If your HVAC gas or electric bill is rising with no change in facility operational hours, there’s a good chance you’ve got limescale problems. Scale deposits can lead to significant increases in energy costs by reducing the heat transfer surface on both cooling (chiller) and heating (boiler) systems. Consequently, more energy is required to achieve the same level of heating or cooling when limescale fouling is impeding the energy coefficients. Also, the reduction in pipe diameter means your pumps work harder to move the same amount of fluid. This not only increases electricity costs but may lead to premature pump failure. Increased fuel costs mean increased building operating and maintenance costs, which affect the profitability of your business.

Some key findings on the costs of scale are:

  • Energy consumption is increased up to 11% for just 1/16-inch of scale, according to the American Society of Plumbing Engineers
  • Equipment failure rates increase due to scale
  • Scale often necessitates the use of chemicals to counter hard water use. Detergent usage increases by 2-4% percent per 1,000 gallons of water.

Increased equipment downtime

When left to build up inside HVAC components, scale deposits will eventually require removal for the equipment to function. Depending on the amount of build-up, the equipment may experience downtime for days or weeks. This downtime quickly cuts into the operational capability of a building, and if all HVAC systems serving a building are down, the building may have to cease operation entirely until the problem is fixed.

Preventing equipment downtime is one of the most significant concerns of facility managers, yet some may not realize that they need to practice correct preventative maintenance plans on their systems to prevent downtime. Naturally, all equipment will experience some sort of downtime for maintenance, but when equipment downtime sharply increases for cleaning, it may be evidence of a larger scale build-up problem.

Progressively increasing heating and cooling energy costs

Progressively increasing heating and cooling costs can be a reliable indicator of scale build-up inside HVAC components affecting the performance and efficiency of HVAC systems. This is especially true when heating and cooling costs increase despite a relatively stable period of climate and building usage.

Facility managers are certainly in tune with the energy costs that a building accrues. Energy costs are often one of the most significant operations and maintenance budget items that a facility manager is concerned about. If patterns of rising heating and cooling costs show a decline inefficiency, it may be time to clean the system entirely of scale build-up.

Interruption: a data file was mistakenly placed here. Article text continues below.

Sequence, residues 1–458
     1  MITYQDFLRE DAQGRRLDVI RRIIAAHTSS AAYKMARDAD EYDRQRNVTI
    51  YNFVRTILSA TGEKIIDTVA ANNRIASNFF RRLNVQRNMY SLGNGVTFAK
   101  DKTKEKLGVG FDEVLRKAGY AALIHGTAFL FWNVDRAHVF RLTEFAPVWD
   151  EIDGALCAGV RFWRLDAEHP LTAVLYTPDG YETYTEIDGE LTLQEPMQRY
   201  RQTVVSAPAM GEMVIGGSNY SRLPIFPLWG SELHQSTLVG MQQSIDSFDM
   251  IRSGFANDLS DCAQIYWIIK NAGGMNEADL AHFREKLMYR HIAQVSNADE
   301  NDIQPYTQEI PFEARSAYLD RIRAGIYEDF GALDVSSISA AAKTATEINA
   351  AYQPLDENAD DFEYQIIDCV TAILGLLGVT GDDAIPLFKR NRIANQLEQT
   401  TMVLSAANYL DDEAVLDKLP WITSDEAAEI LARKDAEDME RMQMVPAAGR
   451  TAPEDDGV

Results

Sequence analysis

Poor equipment performance

Poor equipment performance – like on boilers, chillers, heat exchangers or cooling towers – is often first noticed by monitoring the key performance indicators of your systems. Things like the pump and head pressures should be monitored daily to identify baselines. This way, any disparency can quickly indicate scale issues.

Scale build-up inside the boiler, chiller, heat exchanger or cooling tower may be causing the lack of performance out of the system. Poor equipment performance will not only deliver inadequate heating or cooling results but also end up costing many multiples of the maintenances costs for replacement.

Preventing Scale Build Up

There are different methods for removing limescale build-up. These methods generally fall into two categories chemical and mechanical.

A combination of water treatment programs along with chemical or mechanical descaling is necessary to keep scale in check.

Chemical descalers are fluids which react with the calcium carbonate, sulfate or silica build-up to break it down and flush it out of the system.

Mechanical include using rotary tube cleaning or projectile-based systems to remove scale deposits mechanically. They work to remove the mineral deposits plaguing the tubes of HVAC chillers, fire or water tube boilers, heat exchanger tubes/coils and condenser tubes.

To slow the scale accumulation, water treatment solutions are often employed. Depending on the chemistry of your water source, a water treatment company will come up with the right treatment solution for your boiler or cooling tower. Regular tests and checks are essential to ensure the water is receiving the correct dosage of treatment chemicals. However, no chemical treatment will prevent scale deposits entirely, and so vigilant monitoring of system performance is required.

Next Steps:

If you haven’t been taking preventive action against HVAC limescale, today is an excellent time to start. It is never too late to begin, and you may be amazed by the results you will achieve. While there are many different options on the market today, choosing the right solution for your system is essential.